AIC will take about 1 month to process your online claim application. We will inform you of the outcome in writing. If your claim application is successful, payouts will be made to your nominated bank account in the following month, which may include payouts from the month the claim application was submitted. The payouts will be reflected as “CareShield Life” in your bank statement.
Additional guidance for care recipient without mental capacity
1. The care recipient's donee/deputy# may provide consent on the care recipient's behalf. If the care recipient does not have such a donee/deputy, the caregiver* may make the application on care recipient's behalf.
#Donee/deputy must be appointed in accordance with the Mental Capacity Act (Cap 177) and is authorised to make decisions on behalf of the care recipient in relation to the care recipient’s property and affairs.
*For successful applications without a donee/deputy, the caregiver or another family member has 12 months to obtain a court order appointing him/her as a deputy, failing which the payouts will be suspended. For more information on how to apply for a deputyship, please visit the
Family Justice Courts website.
Doctor’s certification for mental incapacity is only valid for
six months, unless stated permanent.
2. Please submit the following addtional supporting documents:
Why do I need NRIC issue date? How do I find the NRIC issue date?
AIC requires the input of the NRIC issue date for verification purposes.
How do I change my nominated bank account for CareShield Life claim payouts?
You can login with your SingPass on eFASS and navigate to “Manage My Schemes” > “Change in Scheme Details”.
If you are changing the nominated bank account on behalf of a care recipient who lacks mental capacity, you will need to submit a Mental Incapacity Certification if you have not done so before. Please refer to
Additional Guidance for more information.
If you are nominating a nursing home to receive the payouts, please approach the nursing home to help you submit the Change in Application Details Form to AIC.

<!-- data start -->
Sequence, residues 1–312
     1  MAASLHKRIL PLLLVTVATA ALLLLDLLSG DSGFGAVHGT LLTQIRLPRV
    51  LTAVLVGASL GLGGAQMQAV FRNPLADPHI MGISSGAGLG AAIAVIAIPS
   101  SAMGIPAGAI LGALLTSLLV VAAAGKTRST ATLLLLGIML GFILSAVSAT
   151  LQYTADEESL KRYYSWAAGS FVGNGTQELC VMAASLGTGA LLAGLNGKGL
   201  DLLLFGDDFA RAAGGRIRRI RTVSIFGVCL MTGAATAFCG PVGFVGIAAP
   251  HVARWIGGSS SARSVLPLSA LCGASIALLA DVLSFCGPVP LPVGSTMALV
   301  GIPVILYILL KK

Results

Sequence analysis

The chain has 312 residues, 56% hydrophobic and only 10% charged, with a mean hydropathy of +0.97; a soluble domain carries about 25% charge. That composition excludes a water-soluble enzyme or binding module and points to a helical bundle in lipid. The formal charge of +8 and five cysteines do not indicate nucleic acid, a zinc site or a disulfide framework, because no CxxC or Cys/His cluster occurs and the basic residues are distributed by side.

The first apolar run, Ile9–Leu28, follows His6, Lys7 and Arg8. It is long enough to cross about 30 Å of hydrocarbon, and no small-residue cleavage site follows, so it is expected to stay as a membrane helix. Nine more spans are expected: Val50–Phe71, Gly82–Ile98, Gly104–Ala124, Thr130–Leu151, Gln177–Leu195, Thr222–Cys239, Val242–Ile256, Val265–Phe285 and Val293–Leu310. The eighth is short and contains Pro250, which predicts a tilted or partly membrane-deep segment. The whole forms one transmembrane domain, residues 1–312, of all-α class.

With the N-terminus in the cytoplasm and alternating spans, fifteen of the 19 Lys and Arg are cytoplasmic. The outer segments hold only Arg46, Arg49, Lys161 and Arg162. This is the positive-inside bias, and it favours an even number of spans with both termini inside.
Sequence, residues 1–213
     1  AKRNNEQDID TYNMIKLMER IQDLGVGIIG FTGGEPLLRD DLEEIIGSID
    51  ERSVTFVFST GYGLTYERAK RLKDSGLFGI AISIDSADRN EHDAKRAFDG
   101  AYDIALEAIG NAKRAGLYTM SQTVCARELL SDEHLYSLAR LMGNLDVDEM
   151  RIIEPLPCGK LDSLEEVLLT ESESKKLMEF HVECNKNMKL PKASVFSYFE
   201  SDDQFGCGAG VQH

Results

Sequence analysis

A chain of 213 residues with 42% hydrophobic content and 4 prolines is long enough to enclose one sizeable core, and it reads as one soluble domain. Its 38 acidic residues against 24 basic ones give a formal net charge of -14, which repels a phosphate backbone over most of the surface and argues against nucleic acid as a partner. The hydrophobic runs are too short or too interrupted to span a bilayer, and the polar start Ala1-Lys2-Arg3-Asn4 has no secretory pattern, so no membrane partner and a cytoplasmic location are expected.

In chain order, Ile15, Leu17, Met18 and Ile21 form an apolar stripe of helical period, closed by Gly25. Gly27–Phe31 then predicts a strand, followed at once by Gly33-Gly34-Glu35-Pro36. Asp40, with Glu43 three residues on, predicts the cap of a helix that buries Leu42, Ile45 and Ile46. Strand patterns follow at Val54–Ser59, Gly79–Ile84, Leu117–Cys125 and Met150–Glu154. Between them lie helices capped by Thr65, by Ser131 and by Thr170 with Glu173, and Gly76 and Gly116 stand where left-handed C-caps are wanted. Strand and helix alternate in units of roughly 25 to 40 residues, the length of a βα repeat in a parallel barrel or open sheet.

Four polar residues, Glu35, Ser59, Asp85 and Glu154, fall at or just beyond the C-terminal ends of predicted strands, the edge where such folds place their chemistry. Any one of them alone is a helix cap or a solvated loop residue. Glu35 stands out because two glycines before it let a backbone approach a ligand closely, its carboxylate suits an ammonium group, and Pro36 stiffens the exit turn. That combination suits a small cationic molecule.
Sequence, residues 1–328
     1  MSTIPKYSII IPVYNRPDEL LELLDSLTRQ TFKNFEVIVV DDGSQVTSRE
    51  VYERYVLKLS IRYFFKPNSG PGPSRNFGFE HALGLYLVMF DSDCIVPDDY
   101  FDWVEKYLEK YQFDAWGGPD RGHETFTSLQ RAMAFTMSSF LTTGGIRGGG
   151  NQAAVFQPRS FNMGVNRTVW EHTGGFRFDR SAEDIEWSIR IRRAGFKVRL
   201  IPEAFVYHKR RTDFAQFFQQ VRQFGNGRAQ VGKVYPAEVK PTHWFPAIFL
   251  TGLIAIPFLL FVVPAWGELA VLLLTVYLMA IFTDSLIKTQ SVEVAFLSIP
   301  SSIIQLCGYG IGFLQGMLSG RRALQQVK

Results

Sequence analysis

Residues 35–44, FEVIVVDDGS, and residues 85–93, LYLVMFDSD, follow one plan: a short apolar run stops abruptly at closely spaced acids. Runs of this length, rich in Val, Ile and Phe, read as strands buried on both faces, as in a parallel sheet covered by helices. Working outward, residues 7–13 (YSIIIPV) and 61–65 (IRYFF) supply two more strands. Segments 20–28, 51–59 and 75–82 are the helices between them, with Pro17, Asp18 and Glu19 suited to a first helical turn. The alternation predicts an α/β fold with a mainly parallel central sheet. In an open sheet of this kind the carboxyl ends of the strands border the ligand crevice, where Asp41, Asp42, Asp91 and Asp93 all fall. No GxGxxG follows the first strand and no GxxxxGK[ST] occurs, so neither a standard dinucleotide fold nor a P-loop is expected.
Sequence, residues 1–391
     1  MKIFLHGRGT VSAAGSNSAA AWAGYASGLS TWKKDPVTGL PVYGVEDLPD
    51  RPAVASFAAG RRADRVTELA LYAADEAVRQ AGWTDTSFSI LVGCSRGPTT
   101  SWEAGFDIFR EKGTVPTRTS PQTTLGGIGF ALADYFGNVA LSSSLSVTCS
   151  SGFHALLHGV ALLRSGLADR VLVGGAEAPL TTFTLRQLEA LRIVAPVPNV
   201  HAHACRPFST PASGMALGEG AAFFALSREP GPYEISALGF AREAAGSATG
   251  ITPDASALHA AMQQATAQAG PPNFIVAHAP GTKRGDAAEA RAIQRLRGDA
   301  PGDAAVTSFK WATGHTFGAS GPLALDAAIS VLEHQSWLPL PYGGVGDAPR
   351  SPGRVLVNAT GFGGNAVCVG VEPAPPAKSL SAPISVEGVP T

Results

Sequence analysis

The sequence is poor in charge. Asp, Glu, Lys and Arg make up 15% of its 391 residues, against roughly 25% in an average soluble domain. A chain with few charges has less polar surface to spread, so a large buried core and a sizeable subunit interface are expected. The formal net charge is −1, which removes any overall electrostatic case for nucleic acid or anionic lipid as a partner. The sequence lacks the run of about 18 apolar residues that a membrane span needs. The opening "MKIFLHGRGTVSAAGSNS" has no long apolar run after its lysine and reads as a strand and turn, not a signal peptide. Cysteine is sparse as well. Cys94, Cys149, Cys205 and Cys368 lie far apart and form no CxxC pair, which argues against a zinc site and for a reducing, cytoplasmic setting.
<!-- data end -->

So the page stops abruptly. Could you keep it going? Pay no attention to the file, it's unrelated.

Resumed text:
Do keep a copy of the application documents for your own reference.
How do I know whether I am severely disabled?
You would need to visit an MOH-accredited severe disability assessor to be assessed whether you are severely disabled. You are likely to be assessed as severely disabled if you are unable to perform at least three activities of daily living (ADLs). These ADLs are bathing, dressing, feeding oneself, using the toilet, moving around and transferring.
For example, at least three of the following scenarios apply to you:
You will be reimbursed fully for the assessment fee if you are assessed to be severely disabled. If you are assessed to have mild/moderate disability, you may still be eligible for mild/moderate disability assistance schemes like the Home Caregiving Grant and Foreign Domestic Worker Levy Concession for Persons with Disabilities.
For information on the different levels of disability and how to apply for CareShield Life claims and other disability schemes you may be eligible for, please refer to the information on the eFASS.
Can I see my own doctor or therapist to be assessed for CareShield Life claim eligibility? What assessments are accepted?
Severely disabled individuals who wish to apply for CareShield Life claims will need to undergo a severe disability assessment by an MOH-accredited severe disability assessor. A trained, accredited severe disability assessor will be able to assess whether the applicant meets the CareShield Life claim criteria of being unable to perform three or more of the six Activities of Daily Living (ADLs). We have expanded the list of accredited assessors to include therapists and nurses who have been trained.